Photo by Devin P. Grimes / MTSU Sidelines
The NBA has arguably the best offseason of any professional sport due to the fact that there really is not an “offseason.” It has roster shakeups, free agency and an offseason league that is unique to any other league: the Summer League.
The NBA Summer League provides fans, scouts and coaches their first sneak peak of rookie NBA players as professionals. The league also provides players on the verge of making a regular season roster a chance to impress coaches and executives and land a training camp invitation.
For three undrafted former Blue Raider basketball stars, the NBA Summer League will provide them with an opportunity to showcase their abilities and a chance to further their basketball careers in the world’s best basketball league.
Nick King, Los Angeles Lakers
One could make the case that King had the best single season of any Blue Raider in program history. As a graduate transfer from Memphis and Alabama, King came to Murfreesboro and had an immediate impact on an MT squad that won the regular season C-USA title.
While King’s 21 points and eight rebounds per game were enough to lead his team to a 25-win season, they were also enough to make him a third-team AP All-American and the first All-American in program history. King’s 694 total points on the season were enough to cement his name into the MT record books as the highest single season scorer in school history.
King went from being a college basketball player that only averaged five points per game in three seasons at two different schools to an All-American over the course of year. Will it be enough to land him on an NBA roster? It certainly wasn’t enough to get him drafted, but the Los Angeles Lakers still gave him a spot on a loaded summer roster that features other former college basketball stars such as Mo Wagner from Michigan, Joel Berry III from North Carolina and Kansas stars Malik Newman and Sviatsolav Mykhailiuk.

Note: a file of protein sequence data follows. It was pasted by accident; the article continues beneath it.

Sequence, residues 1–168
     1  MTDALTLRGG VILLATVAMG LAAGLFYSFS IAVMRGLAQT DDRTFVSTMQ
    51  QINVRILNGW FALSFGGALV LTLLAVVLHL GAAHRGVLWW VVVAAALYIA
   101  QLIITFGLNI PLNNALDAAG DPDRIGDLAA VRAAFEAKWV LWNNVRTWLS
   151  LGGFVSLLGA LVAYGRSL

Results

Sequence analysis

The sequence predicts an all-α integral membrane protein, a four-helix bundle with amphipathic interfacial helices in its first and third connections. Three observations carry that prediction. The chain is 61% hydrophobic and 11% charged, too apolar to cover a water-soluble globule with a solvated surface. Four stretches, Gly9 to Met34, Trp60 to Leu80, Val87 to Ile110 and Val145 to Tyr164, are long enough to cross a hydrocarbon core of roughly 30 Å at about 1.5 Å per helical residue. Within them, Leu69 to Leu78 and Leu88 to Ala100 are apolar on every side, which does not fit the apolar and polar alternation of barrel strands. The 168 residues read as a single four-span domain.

With a roster that is full of collegiate stars and legitimate NBA prospects, King will have a perfect opportunity to showcase his abilities with players that are of NBA-caliber. But what exactly will he have to show other coaches and executives around the league? First, he’ll have to prove he can score against NBA defenders, especially from the perimeter. At MT, King mastered his scoring from inside the paint as well as being a gifted scorer from around the rim. While king did prove to be a threat from the perimeter at times, shooting at an efficient 38.9 percent from beyond the arc, he will have to prove he can do it from NBA range and shoot at a higher rate. In today’s NBA, three-point shooting is more important than it has ever been, and offenses around the league have become more and more perimeter oriented.
King’s size will keep him from playing power forward in most NBA lineups. So, a move to the perimeter will be an obstacle King might have to adjust to at the next level. While playing for the Lakers this summer, look for King to handle the ball beyond the three-point line and spend more time displaying his dominant scoring ability in order to steal a training camp invite.
Giddy Potts, Toronto Raptors
The winningest player in program history will be a Toronto Raptor for the summer in hopes of making an NBA roster. Potts leaves Murfreesboro as not only the school’s winningest player, but the school’s record holder for career three-point field goals.